Ohio Sleep Treatment launched a mobile oral appliance clinic that increases access by meeting sleep apnea patients at sleep physicians’ offices.
By Lisa Spear
The best treatment for each individual’s sleep apnea doesn’t always come easy. Patients might have to drive long distances to a lab for a sleep test and then make follow-up appointments with their sleep specialist. They may find that CPAP is just too cumbersome. By the time a patient considers oral appliance therapy, they have typically already jumped through many hoops.
To lessen the burden and make oral appliance therapy easier to access, the team at the dental sleep practice Ohio Sleep Treatment came up with the idea to take their services on the road. The initiative, launched this year just before COVID-19 hit the United States, enables dentists to travel to meet patients at sleep physicians’ offices. It has already seen some early success.
“We just started to think, ‘Why are there so many hurdles for patients to get into our front door?” says Rob Kibler, chief operating officer. “The more we thought about it, the more we thought: ‘Why don’t we just go to where the patients are?’”
“The goal is really to unobstruct the path to treating sleep apnea.”
The idea was simple: A mobile dental sleep clinic that would remove many obstacles for patients, including multiple trips to providers’ offices, and give patients more transparency into treatment cost.
It also allows physicians and dentists to collaborate more closely. Kibler pitched the idea in 2018 to a sleep physician he already had an established relationship with, Asim Roy, MD, the medical director of the Ohio Sleep Medicine Institute.
“After several phone calls, twice as many emails, and many happy hours, we put together this plan with Dr Roy about adding dental sleep medicine to his toolbox and making it easier for patients to access this care. The concept of a mobile dental sleep clinic was born,” says Kibler.
Now if patients are diagnosed with mild to moderate sleep apnea or they are CPAP noncompliant, the doctor’s office schedules the patient at the same time as the mobile oral appliance clinic, which shows up one or two days per month at one of Ohio Sleep Medicine Institute’s locations in central Ohio to determine if patients are good candidates for oral appliance therapy.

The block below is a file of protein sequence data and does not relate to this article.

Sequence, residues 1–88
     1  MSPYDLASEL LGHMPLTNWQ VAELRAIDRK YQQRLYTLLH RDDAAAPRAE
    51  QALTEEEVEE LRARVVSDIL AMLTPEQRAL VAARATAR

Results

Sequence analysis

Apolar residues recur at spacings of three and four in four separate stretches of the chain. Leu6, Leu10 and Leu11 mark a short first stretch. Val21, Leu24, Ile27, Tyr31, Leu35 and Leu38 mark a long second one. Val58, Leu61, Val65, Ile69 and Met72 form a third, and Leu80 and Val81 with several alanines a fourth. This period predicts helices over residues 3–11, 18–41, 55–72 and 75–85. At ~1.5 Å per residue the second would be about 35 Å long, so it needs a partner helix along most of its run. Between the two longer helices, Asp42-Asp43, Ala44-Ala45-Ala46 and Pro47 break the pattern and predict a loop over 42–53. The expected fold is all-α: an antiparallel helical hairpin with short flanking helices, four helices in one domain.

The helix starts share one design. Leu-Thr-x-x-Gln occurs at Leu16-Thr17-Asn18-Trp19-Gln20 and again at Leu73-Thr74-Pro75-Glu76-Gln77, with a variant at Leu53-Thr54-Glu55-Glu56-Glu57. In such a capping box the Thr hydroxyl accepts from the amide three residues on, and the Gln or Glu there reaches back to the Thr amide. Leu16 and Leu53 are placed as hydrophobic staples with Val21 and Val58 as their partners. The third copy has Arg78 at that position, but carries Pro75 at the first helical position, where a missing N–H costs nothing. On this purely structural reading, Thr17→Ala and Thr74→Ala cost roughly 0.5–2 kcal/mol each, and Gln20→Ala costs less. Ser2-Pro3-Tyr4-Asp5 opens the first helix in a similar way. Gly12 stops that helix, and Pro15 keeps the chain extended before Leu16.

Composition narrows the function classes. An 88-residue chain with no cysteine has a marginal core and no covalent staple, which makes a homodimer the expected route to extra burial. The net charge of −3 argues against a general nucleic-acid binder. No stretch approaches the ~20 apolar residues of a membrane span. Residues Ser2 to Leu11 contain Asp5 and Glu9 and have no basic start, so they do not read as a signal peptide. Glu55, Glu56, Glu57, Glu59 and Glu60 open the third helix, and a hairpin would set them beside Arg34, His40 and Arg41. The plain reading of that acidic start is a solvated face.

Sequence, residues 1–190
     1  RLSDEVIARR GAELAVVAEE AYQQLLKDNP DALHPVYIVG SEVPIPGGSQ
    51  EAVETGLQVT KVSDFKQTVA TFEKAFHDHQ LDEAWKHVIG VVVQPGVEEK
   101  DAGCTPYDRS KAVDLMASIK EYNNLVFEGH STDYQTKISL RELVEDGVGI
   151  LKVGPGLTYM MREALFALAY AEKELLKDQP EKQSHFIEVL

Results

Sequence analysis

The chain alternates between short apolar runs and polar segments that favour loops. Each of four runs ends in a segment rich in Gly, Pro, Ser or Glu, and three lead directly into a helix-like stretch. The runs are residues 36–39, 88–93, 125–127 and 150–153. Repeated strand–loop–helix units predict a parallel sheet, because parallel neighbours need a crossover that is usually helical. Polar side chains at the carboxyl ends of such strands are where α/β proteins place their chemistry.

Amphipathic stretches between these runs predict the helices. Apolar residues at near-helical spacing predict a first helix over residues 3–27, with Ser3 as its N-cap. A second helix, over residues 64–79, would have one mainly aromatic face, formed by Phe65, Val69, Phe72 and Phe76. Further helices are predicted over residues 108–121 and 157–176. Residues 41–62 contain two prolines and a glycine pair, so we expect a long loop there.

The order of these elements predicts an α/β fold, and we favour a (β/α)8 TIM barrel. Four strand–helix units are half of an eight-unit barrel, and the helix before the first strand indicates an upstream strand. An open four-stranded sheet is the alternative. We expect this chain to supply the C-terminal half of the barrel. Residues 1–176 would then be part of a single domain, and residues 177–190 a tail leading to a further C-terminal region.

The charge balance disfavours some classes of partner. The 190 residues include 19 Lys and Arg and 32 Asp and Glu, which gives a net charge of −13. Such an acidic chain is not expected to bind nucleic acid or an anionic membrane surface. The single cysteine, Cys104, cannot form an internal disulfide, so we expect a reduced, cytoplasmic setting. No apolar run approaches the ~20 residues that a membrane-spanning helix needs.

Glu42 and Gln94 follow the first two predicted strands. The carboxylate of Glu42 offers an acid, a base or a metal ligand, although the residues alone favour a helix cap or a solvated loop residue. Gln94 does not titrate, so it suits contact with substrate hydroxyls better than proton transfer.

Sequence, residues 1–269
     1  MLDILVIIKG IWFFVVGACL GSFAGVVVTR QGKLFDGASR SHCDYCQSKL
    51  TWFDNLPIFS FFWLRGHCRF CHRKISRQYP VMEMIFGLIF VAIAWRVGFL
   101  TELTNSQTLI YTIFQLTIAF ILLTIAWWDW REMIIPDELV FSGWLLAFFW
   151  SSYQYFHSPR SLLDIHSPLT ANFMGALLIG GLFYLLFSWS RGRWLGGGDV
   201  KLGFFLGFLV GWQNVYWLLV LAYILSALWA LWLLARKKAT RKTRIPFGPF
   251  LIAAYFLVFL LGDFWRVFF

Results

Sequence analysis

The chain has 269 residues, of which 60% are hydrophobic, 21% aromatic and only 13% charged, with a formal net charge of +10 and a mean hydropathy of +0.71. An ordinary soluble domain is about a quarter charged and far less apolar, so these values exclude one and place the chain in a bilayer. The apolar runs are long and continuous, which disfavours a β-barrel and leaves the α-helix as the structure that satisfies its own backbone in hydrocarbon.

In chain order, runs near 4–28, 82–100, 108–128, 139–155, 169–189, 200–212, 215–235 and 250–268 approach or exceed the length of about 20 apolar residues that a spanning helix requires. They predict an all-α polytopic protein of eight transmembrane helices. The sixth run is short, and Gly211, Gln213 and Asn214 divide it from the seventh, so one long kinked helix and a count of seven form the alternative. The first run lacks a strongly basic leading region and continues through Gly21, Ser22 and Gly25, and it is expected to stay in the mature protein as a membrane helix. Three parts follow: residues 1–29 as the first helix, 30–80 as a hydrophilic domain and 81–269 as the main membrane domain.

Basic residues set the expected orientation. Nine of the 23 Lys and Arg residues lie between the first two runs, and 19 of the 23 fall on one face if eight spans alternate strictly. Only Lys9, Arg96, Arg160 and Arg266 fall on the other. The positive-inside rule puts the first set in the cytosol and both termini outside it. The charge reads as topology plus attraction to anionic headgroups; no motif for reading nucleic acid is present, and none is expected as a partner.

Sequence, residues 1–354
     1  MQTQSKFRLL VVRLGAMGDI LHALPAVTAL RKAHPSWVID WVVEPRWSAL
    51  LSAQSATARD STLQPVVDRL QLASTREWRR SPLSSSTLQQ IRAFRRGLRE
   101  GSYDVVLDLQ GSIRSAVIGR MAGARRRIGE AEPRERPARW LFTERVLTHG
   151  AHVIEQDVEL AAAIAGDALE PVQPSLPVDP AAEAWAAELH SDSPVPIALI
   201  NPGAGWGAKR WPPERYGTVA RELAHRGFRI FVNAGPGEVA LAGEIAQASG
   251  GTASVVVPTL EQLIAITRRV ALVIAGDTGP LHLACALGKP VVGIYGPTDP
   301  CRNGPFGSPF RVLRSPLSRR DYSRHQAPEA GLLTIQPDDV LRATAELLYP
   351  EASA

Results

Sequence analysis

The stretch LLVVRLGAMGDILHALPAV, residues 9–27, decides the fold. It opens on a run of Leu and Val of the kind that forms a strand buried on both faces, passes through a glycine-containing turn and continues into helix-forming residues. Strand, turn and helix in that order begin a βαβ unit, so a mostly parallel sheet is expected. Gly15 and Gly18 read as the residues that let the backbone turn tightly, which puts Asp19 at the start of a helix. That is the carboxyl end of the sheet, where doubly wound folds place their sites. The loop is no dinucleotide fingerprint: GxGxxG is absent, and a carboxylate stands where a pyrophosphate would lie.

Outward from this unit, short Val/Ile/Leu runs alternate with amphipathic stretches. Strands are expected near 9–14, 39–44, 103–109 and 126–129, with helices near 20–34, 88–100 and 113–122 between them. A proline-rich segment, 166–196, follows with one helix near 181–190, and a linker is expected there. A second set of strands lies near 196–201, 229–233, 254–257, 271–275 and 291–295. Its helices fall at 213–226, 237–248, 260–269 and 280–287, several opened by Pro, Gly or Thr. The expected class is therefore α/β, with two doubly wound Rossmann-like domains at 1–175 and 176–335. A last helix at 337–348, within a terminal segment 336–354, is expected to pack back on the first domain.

Ohio Sleep Treatment dentists have developed a streamlined system.
All the dental supplies fit into one car, including portable dental chairs and a digital scanner to take impressions of patients’ mouths. Once on location, it can be set up in under an hour.
Through this process, the patients simultaneously stay under the care of their trusted physician, stay within their insurance network, and are better informed of the cost of oral appliance treatment.
“It’s pretty much only been a positive experience so far,” says Roy. “We have been referring out for oral appliances now for many years….Bringing it in-house has not only made it a better experience for us, but I think from the patients’ perspective as well.”
Before they began treating patients at the physician’s office, the dental team contacted all the payers in the provider’s network to fill out an ancillary provider application to avoid processing out-of-network claims. This also enables them to provide patients with a clear look at how much the device will cost.
“One of the things we always have a challenge with is cost and reimbursement of oral appliance therapy. And when we refer them out, there is this broad range of fees and structures, which is very nebulous,” says Roy. Lack of price transparency, one of many barriers to care, is knocked down by this initiative.
Sleep physician Roy says the program has enabled him and his team to learn more about how oral appliances work while providing his patients more treatment options. He and his team are more hands-on in the process, including managing the device titration.
“It also allows their practice to earn additional revenue. We love it because we can help more patients,” says Kibler. “It is a great way for providers to extend the scope of practice with a very minimal touch.”
The three-person dental sleep medicine team anticipates that their mobile operation could scale up to serving as many as eight physician’s offices per month. If the total number of sleep practices they serve grows beyond eight, they would plan to put another team together to expand their coverage.
In the future, the dental team plans to build up their initiative by helping other dentists make connections with sleep specialists throughout the country within a national network of mobile clinics. It has founded a second company focused on this initiative called “Sleep DDS.”
For now, the team is focusing on their operations in Ohio, where Kibler says their initiative is slowly picking up speed. “It’s definitely trending upwards,” he says.
Lisa Spear is associate editor of Sleep Review.